- Join or start a pinky promise support group at the college she is attending.
- —Guest Dawna
- I've been abstinent for various periods in my life, for various reasons. I think it CAN be a good decision for many people, regardless of religious convictions (I'm an atheist). I enjoy sex, but I wanted to get some things done for myself that I couldn't (or would have more difficulty doing) in a relationship - teach English in a foreign country, move to another part of the US, go back to school, be in my own space and figure out my OWN head without someone else to deal with! I don't think I really needed any specific tools to do it - I made the decision, I can unmake the decision, and I'm strong enough to do either. The most important thing, I think, is to make the decision because it's right for YOU - not your friends, not your religion, not your parents, no one except YOU.
- —Guest Nikki
I am 25!!!
- I am a 25 year old bisexual "NON-VIRGIN". Recently, I contracted an STD and it totally blew my mind. Now, don't assume that I'm some freak *** sex starved homosexual who doesn't know what he wants because that's not TOTALLY true. LOL! On a more serious note, I have been considering abstinence/celibacy because I believe that in my future I will live a happy life with my lover and we will have more than enough love to last us. One of my concerns at this point is my lack of religious knowledge. Honestly, at this point in my life, I have faith in GOD but not too much in religion. I believe that religions are great for some and my even eventually be great for others but not for me. I know that this decision will not be easy and the process will not be walk in the park but I am willing to give it a run.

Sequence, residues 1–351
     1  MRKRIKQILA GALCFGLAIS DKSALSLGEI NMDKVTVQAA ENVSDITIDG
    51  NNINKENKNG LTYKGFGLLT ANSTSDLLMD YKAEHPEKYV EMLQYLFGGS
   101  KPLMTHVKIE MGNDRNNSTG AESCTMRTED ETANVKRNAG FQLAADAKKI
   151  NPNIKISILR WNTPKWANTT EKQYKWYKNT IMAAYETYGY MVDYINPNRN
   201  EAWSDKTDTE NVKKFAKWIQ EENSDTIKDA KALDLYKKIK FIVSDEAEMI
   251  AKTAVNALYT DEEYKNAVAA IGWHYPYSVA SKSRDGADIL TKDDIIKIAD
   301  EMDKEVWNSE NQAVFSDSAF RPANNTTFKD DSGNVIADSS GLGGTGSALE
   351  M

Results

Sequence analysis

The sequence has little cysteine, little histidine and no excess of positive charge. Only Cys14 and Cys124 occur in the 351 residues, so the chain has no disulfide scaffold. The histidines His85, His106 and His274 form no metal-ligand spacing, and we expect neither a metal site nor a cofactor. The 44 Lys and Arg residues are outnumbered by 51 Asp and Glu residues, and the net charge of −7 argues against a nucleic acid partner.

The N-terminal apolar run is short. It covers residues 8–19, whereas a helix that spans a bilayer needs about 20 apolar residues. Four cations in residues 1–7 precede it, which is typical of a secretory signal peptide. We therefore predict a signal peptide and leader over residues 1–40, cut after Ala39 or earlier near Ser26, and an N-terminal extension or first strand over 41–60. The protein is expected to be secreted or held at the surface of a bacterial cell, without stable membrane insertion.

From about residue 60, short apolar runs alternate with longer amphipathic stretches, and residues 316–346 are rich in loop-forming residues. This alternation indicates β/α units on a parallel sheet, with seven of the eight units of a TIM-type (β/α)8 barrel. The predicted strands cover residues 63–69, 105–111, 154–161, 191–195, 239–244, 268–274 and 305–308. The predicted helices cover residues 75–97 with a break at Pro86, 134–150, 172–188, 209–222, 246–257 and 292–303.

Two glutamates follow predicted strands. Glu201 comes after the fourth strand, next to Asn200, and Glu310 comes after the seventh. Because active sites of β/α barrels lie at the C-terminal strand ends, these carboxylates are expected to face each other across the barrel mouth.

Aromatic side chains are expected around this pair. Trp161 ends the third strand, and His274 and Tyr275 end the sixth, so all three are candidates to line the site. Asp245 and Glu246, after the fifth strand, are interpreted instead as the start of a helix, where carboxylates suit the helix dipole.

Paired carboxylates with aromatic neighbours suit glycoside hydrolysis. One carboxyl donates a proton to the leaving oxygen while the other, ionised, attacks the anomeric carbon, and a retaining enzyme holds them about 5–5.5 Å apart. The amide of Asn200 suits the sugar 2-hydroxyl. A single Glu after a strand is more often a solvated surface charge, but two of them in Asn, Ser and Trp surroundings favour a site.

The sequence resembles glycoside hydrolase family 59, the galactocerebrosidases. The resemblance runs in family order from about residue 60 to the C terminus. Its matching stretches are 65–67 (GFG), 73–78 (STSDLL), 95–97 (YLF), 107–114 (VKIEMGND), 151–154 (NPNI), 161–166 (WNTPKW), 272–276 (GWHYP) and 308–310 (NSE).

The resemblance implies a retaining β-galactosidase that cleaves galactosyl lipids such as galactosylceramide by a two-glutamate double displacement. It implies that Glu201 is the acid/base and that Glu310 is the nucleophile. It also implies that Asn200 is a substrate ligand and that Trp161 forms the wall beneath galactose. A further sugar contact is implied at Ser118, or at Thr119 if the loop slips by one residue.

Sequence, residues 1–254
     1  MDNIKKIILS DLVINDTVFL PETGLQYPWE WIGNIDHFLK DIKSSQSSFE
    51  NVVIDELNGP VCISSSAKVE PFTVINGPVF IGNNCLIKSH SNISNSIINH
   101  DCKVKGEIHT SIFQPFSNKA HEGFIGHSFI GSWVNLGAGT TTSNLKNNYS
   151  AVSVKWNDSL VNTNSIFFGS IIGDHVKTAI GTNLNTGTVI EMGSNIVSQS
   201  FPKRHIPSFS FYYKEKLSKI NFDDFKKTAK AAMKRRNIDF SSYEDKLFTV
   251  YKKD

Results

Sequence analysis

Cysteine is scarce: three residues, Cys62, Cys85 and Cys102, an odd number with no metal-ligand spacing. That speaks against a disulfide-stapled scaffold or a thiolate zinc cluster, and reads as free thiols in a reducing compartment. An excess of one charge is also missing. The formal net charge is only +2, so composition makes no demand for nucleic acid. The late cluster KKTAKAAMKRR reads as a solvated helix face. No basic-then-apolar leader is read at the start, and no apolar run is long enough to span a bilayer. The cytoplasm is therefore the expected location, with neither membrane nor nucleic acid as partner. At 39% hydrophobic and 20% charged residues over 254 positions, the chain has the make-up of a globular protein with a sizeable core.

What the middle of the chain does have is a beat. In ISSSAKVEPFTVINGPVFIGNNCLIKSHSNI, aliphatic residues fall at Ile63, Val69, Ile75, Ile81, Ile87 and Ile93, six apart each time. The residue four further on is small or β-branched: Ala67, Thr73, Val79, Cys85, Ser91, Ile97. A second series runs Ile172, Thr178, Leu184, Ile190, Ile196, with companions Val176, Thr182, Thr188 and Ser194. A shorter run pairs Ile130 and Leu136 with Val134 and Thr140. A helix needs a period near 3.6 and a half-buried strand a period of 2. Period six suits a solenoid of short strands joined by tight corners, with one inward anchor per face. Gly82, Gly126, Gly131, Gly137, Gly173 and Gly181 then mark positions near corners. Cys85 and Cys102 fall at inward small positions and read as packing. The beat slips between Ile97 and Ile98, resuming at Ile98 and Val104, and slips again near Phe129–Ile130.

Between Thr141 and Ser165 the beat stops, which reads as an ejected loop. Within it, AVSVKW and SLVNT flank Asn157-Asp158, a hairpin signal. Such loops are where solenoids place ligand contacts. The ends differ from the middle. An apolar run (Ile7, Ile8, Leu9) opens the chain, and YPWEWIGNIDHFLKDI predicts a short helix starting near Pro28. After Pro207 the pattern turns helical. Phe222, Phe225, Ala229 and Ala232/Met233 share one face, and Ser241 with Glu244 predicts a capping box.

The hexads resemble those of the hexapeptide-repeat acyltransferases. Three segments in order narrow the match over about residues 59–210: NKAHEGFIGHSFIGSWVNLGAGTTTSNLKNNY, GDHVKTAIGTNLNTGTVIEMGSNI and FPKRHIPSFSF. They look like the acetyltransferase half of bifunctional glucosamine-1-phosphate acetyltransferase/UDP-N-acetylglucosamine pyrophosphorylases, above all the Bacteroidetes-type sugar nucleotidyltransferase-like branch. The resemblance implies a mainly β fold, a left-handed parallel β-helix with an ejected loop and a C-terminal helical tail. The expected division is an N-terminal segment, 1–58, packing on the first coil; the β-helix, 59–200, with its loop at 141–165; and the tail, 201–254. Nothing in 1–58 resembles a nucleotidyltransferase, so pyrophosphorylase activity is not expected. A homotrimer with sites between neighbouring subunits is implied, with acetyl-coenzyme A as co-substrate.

- —Guest Older Gentleman
Waited and Proud!
- I waited till i got married before i ever had sex. So it is very possible for one to do the same :) I never really had much of challenge for sticking to my vow to wait, but i think thats because i made sure that most of the people i was around shared the same values! I think that was most important, they never put pressure on me to do otherwise. I also think its even more important to make sure the guy you are with shares the same values and or respects you for your decision and wont pressure you! and if they do, well to bad for them! if they cant wait for you, then they are NOT worth your time!
- —Guest Elaine
You're not alone!!
- Like you I made a purity vow when I was 16. One thing that helped is that I wore a ring on my "wedding finger" as a reminder, and it gave me lots of opportunities when people asked about it to share my convictions. What I'm doing, and not doing, and why. i was always very up front with anyone who asked, and then having everyone know about the commitment I'd made helped keep me more accountable, since everyone would know I'd gone against everything I just said I believed in! I found that even people who didn't share my convictions respected me for having them. I waited until I got married when I was 25 and was able to give my husband the gift of a lifetime on our wedding night. Who cares what the people in college said or thought anyway? Talk about an artificial environment. In the real world, being faithful to myself and my beliefs and my future husband are the real things that matter. To have that long term perspective of what's really important helped me wait. And I'm so glad I did!
- —Guest Waited til my wedding night